Polyamory in the News
. . . by Alan M.

April 30, 2017

Making a gig of telling your poly stories

On HuffPost, Jeff Leavell just published another piece about his gay triad family and its ongoing changes. He seems to have cracked the paying market (I hope?) for first-person stories about his life, especially his poly life. He's is a regular, for instance, in Vice and has written for the Washington Post's online section "Solo-ish."

Another guy who has made a go of this, writing from very similar circumstances, is Zachary Zane.

If they've made these gigs work, so can you.

Jeff (center) and family members.
How My Three-Way Polyamorous Relationship Works

“These men that I love, they are my family.”

By Jeff Leavell

We are told our whole lives that we can hate as many people as we want: whole nations, groups of people, ideologies and races, our bosses, our neighbors: we are allowed to hate freely and abundantly, but we only get to truly love one other person.

When my husband, Alex, and I met Jon, a handsome intellectual with blue eyes and the gait of an old man trapped in a young man’s body: sexy and endearingly awkward all at the same time, it was just supposed to be a hook up in a long line of sexual adventures. But then Jon came back again, and again and again. And then we were making plans to watch movies and eat pizza. We invited Jon to spend the night.

I knew the first time Jon came over and the three of us didn’t have sex that something important was happening: Jon was no longer a trick. We were falling in love. All three of us.

I had no idea what to do. I had no idea what was normal or not normal. I was like a crazy person: madly in love and jealous at the same time....


...Movie style happy endings don’t exist. People we love get sick. The circumstances of life make what had once seemed so easy, so perfect, suddenly impossible. We grow older. We fail almost as often as we succeed, sometimes more.

And yet, these men that I love, they are my family. Even as some of us drift apart. They are mine. And there is a beauty to that.

...None of this is easy. But as my father likes to remind me, nothing is. It’s just a matter of whether it was worth it or not.

Read the whole article (April 28, 2017).



April 19, 2017

New RelateCon poly convention gets a good newspaper writeup

Idaho's Boise Polyamory Network held its first-ever RelateCon convention three weekends ago. It drew 120 people, very successful for a first-time poly con, especially for a small city in a very red state.

A reporter for the local alternative weekly paper attended. Their long article went online today. Excerpts:

Along Came Poly

Ryan Johnson
A Boise convention brings polyamory out in the open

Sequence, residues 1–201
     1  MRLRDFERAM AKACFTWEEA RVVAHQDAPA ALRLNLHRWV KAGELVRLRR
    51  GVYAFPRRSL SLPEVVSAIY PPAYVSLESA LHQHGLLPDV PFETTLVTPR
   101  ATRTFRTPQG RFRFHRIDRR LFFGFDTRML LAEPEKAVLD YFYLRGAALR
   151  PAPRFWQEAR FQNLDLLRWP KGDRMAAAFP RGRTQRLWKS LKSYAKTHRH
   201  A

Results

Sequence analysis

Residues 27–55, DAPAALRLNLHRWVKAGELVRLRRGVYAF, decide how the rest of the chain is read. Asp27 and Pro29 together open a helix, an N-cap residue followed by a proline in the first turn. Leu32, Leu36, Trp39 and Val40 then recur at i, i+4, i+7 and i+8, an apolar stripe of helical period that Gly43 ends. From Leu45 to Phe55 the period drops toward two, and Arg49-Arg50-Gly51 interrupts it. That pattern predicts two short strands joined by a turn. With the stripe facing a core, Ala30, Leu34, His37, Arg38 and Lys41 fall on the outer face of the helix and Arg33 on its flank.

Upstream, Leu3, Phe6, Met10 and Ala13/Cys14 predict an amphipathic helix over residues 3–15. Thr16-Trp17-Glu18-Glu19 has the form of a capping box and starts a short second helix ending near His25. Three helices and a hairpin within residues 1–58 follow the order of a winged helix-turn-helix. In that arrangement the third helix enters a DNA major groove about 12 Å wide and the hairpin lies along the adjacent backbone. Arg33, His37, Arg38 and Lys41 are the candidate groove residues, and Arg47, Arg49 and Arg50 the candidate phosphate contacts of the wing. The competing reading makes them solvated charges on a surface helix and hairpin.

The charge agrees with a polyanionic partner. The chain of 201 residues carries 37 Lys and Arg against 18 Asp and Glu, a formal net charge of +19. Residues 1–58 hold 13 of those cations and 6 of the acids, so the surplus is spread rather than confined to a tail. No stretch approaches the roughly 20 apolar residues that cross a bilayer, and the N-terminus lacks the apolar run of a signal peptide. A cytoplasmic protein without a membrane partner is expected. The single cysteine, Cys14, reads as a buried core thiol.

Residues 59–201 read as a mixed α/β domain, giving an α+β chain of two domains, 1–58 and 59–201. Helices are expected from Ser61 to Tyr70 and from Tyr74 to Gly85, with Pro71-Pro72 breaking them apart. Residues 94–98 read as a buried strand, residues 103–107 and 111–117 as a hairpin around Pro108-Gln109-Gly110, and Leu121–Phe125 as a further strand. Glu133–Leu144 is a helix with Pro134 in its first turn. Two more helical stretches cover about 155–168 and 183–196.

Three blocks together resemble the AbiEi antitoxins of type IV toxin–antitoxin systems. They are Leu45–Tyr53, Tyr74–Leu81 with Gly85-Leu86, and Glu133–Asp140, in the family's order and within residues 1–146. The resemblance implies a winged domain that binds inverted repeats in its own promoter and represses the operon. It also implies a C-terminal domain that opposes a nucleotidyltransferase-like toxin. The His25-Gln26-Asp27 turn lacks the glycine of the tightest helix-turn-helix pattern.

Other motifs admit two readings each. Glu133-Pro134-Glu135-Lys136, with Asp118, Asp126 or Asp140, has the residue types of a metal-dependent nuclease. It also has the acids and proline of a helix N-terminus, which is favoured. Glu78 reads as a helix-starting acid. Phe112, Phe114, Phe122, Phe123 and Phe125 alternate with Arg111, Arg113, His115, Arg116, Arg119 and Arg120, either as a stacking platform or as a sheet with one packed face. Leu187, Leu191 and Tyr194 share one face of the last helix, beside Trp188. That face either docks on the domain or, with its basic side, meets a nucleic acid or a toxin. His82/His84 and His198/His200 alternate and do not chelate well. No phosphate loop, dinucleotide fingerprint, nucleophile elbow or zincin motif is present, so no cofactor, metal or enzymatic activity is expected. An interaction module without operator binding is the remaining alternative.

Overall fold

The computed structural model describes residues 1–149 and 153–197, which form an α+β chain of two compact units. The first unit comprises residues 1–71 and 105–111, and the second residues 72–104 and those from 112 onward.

By Harrison Berry

...RelateCon brought into the open a community that has gained momentum online but, because of Idaho law and misrepresentation in the media and broader society, has been largely secretive.

"I just want people to not feel so alone in what they're doing," said [Jennifer] Hyde, president of the Boise Polyamory Network, a mostly online group of approximately 450 people. ... The purpose of the convention was for the group to meet openly, expose members to national resources, and discuss pressing issues related to what they call "ethical non-monogamy."

How to Find a Partner

Many of the presentations at RelateCon were lighthearted, with titles like "50 Shades of Real Life," "The Cuddle Puddle Project" and "Painless Poly Dating 101." One of two talks [Tyson] Downey hosted was about regaining passion in long-term relationships in the midst of "new relationship energy" from other partners.

...Another presenter, Masami Tadehara-Hinkle, offered attendees a "relationship shopping list" for identifying new partners and maintaining healthy relationships with existing partners. More than a checklist to be applied to others, however, Tadehara-Hinkle said it encourages people to be introspective, considering carefully what they want out of their new relationships.

"The idea is that it's more effective in terms of relationship structure to define the relationship in terms of individual needs, rather than having a set of rules," she said. [Amen to that, say I. –Ed.]

Tadehara-Hinkle's idea for a checklist came from the website morethantwo.com, which she described as "the poly bible." There, site curator Franklin Veaux has collected tutorials, tips, how-tos and common mistakes by newcomers to the practice. There's also a "relationship bill of rights" and advice on when and how to be openly polyamorous.

...Conference organizers said socializing was one of RelateCon's most important functions. Activities included poly bingo; a fancy dinner where polyamorous couples, triples and beyond could mingle; and meet-and-greet events at the hotel bar.

Because polyamorous groups are spread across the state, the informal events were some of the first times people who may have known each other online could meet in person.

Connecting to a National Conversation

The Boise polyamorous community started small. For the past three years, Hyde and the Boise Polyamory Network organized monthly potlucks at members' homes, sang karaoke and went bowling. Though they typically met in small groups, attendance at some events could reach 30 people. Most of their interactions took place online, but Boise Polyamory Network aimed higher — for a must-attend event that would bring the community together and connect it to the national polyamory movement.

"We're reaching and we hope to spread," said RelateCon organizer Heather Franck. "This is a national conference and we want reach across the nation."